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Encrypt an Email and Secure Your Gmail – Tips and Tricks for Email Communication

By | Abila, Accounting, CPA, Data, HR, MIP Fund Accounting, Nonprofit | No Comments

The greatest threat facing the CPA community isn’t legislation or competition. It’s security as it pertains to our technology. CPAs must be cognizant of the latest security measures to protect sensitive, confidential client data. Technology has made it easy to send information to clients with the touch of a button, but where does that information end up – and how long does it remain accessible?

Such considerations are no longer academic questions. Instead, they are essential to running a secure and confident CPA practice.

Email Encryption: Protecting Sensitive Communications

Emails are by far the biggest offender when it comes to potential data breaches. Most email systems aren’t sent using encryption. Because emails are automatically shared across multiple devices these days, your email lives on long after you attempt to retract or erase it. It’s almost impossible to completely erase all traces of an email from hard drives, backup servers, and the recipient’s servers and devices.

The best way to protect emailed information is through encryption. Encryption “locks” messages so that only the recipient can read them. The recipient’s software automatically unlocks the message so that it can be read. If some third-party swoops in and somehow accesses the email, it cannot read it.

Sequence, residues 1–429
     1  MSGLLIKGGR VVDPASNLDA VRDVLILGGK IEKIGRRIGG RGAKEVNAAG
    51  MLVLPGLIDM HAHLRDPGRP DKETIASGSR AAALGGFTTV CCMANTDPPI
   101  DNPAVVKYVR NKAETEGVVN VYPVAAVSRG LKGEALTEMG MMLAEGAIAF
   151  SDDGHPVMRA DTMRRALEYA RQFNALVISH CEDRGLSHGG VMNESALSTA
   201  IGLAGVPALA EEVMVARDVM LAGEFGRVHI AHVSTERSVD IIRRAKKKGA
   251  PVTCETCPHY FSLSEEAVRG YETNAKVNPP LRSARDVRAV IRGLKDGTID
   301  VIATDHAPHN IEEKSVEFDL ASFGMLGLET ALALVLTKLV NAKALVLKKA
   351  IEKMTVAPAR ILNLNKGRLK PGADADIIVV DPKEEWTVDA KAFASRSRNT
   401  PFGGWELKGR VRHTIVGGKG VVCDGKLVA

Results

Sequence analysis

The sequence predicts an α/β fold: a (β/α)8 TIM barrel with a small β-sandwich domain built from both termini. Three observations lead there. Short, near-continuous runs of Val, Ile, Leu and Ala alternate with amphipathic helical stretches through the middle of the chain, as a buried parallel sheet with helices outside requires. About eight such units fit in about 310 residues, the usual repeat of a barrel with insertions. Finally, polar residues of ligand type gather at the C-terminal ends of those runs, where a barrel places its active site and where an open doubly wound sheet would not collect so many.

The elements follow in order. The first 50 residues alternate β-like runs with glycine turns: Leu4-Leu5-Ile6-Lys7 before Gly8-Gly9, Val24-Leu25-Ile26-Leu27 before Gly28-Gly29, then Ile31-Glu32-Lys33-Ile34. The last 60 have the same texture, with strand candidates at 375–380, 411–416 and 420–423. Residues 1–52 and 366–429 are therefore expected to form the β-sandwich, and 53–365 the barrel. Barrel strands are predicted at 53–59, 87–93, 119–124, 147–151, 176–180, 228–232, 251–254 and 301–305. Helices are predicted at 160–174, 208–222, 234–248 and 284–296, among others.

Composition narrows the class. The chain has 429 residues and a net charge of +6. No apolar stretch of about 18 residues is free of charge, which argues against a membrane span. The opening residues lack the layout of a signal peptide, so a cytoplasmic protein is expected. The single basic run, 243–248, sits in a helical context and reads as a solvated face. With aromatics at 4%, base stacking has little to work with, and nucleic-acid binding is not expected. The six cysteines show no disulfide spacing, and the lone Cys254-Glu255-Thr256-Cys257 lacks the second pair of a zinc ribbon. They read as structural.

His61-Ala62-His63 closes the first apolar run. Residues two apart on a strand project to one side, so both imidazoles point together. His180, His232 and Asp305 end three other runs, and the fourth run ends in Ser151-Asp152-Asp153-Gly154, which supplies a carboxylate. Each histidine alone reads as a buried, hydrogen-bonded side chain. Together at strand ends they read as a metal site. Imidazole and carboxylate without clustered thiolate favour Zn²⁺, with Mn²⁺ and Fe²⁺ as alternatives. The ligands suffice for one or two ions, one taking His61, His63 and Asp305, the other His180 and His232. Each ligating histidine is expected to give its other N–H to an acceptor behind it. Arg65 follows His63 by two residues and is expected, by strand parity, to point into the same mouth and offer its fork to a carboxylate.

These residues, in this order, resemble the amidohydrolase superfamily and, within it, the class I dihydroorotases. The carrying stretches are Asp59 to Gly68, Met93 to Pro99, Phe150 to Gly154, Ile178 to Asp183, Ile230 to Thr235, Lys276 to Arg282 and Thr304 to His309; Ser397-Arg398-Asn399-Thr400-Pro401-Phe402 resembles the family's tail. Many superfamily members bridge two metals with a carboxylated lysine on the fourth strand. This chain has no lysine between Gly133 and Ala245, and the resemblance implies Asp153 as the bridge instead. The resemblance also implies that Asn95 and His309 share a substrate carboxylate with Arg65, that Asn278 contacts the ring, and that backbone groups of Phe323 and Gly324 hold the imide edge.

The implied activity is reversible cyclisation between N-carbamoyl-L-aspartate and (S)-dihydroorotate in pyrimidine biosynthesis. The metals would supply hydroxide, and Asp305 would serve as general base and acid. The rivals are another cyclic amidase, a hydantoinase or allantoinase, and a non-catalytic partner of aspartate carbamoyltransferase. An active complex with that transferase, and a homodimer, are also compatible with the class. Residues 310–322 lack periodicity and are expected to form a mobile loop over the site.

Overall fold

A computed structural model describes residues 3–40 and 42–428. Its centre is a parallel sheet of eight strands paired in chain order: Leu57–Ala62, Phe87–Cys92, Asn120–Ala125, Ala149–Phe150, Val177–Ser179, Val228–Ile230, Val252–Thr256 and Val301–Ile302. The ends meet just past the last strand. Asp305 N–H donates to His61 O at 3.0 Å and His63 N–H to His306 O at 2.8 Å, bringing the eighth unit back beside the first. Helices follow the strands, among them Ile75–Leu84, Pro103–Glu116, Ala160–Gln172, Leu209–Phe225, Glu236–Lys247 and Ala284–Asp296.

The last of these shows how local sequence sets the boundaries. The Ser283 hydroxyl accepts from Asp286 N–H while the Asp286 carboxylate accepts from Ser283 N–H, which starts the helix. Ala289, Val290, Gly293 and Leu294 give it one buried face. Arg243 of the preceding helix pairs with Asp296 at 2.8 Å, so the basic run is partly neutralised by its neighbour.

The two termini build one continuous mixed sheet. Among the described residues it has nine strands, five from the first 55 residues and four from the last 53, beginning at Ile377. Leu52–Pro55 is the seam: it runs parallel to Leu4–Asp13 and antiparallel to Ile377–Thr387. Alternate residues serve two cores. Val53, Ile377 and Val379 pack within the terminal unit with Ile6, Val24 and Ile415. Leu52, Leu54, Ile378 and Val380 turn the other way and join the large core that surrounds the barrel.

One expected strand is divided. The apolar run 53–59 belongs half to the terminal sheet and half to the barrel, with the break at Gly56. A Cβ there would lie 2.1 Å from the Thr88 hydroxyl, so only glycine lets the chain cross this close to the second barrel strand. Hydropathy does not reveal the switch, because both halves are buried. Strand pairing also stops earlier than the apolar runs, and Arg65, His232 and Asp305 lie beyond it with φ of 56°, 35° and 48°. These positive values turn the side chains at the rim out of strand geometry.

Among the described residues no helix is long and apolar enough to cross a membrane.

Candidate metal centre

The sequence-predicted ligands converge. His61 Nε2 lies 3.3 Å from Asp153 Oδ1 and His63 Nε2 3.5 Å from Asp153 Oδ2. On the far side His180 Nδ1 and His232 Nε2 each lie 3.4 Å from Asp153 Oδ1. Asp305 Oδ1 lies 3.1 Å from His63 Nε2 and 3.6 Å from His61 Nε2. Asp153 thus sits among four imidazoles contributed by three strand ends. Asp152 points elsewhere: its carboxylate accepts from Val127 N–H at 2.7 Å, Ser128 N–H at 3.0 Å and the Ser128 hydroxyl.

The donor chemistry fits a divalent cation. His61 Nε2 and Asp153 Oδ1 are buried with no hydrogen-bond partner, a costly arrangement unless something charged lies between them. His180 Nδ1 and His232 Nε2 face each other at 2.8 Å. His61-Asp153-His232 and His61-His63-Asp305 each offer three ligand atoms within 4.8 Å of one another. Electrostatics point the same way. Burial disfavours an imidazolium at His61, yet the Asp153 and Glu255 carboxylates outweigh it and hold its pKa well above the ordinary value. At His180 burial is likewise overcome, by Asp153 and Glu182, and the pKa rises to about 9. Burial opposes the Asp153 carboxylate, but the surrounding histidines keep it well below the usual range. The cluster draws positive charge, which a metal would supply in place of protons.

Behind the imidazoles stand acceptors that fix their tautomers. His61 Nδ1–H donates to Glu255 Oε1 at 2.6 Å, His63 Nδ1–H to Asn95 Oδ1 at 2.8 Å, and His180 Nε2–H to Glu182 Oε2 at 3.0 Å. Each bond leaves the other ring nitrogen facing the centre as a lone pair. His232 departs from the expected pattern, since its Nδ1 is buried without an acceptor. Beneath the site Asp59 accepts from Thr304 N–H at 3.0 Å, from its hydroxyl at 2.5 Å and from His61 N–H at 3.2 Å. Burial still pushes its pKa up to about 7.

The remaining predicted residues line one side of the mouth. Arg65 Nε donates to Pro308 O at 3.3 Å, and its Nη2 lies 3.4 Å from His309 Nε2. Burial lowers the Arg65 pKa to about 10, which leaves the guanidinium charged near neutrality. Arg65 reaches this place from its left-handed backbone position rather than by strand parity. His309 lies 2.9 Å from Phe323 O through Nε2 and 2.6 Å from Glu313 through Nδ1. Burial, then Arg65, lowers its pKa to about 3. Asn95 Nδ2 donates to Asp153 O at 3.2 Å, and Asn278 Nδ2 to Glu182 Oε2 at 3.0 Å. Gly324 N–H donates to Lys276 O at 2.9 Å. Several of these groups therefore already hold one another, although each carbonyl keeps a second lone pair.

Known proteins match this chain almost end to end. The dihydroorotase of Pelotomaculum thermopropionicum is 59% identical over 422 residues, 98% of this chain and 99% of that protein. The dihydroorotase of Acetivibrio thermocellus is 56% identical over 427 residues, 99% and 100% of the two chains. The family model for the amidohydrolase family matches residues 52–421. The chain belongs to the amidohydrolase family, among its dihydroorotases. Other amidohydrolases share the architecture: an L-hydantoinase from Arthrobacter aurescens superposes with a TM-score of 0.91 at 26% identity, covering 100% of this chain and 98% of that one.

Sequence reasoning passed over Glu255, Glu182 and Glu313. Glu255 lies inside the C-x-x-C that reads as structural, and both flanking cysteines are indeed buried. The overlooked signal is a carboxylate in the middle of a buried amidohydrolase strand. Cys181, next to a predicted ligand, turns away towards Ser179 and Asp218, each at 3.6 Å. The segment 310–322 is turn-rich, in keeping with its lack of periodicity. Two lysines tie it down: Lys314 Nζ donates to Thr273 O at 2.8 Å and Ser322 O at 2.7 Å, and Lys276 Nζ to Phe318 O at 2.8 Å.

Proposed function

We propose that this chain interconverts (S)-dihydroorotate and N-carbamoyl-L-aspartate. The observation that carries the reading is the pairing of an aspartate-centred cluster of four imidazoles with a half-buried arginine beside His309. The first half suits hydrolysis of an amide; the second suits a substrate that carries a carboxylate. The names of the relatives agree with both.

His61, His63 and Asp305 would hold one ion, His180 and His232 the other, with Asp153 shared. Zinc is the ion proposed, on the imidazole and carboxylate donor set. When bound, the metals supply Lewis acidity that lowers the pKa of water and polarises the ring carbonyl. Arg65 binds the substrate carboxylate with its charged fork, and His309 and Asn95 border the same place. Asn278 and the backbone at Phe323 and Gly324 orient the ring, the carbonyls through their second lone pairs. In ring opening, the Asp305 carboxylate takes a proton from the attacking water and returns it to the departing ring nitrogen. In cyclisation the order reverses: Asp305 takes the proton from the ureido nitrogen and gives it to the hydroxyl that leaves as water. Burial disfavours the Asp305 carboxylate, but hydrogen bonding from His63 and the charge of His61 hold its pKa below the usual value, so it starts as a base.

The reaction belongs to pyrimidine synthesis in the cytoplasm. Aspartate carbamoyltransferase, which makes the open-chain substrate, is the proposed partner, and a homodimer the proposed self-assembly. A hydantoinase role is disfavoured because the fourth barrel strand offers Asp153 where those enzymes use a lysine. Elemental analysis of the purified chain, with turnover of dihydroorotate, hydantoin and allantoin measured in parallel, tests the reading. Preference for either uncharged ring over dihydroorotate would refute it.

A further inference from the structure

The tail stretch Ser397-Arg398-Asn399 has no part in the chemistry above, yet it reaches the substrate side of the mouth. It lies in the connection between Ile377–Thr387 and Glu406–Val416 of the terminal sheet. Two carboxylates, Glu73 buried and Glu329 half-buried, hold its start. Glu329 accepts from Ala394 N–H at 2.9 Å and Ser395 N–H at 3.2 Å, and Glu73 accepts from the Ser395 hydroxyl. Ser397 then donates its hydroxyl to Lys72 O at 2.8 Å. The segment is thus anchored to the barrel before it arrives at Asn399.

To encrypt your email transmissions, you can use a service that includes encryption. Gmail and Outlook are both good, solid email programs that incorporate encryption into their programming. Both services also include cloud storage, spam filtering, and IMPAP/POP support.

The drawback to using these services is that they use their own extensions rather than your company’s extension address. To rectify this situation, you can important Gmail or Outlook messages into Outlook Desktop.

The steps include:

1. Turn on two-step verification: Go to google.com/landing/2step, click the Get Started button, and follow the steps to set up two-step verification. A code is texted to your smartphone, which you enter to verify the account.

2. From your Outlook 2010, 2013, or 2016 ribbon, select File, Add Account to launch the Auto Account Setup screen.

3. Enter your name, email address (Gmail or Hotmail/Outlook.com), and password, and then click Next.

4. Set up a Gmail alias with your company name:

a. Open your Gmail account.

b. Sign in.

c. Click the Settings gear in the top right corner.

d. Choose Settings.

e. Select from the horizontal menu the Accounts and Import tab, Import mail and contacts,

f. Enter the email address you want to use as a Gmail alias.

g. Enter the password, and if necessary, enter the Pop username and Pop server.

h. Click Continue.

i. Sign in to the account you added

j. Open the confirmation message you received from Gmail

k. Click the link in the email to confirm and establish the connection.

l. To complete the setup, change the From line to reflect your newly added alias email address. For more details on how to set up a Google email address alias, visit Google support.

The process to set up Outlook aliases is similar.

1. Open Outlook.com.

2. Click the Settings gear.

3. Select Options.

4. In the Options menu in the left menu pane, select Connected Accounts, Other email accounts.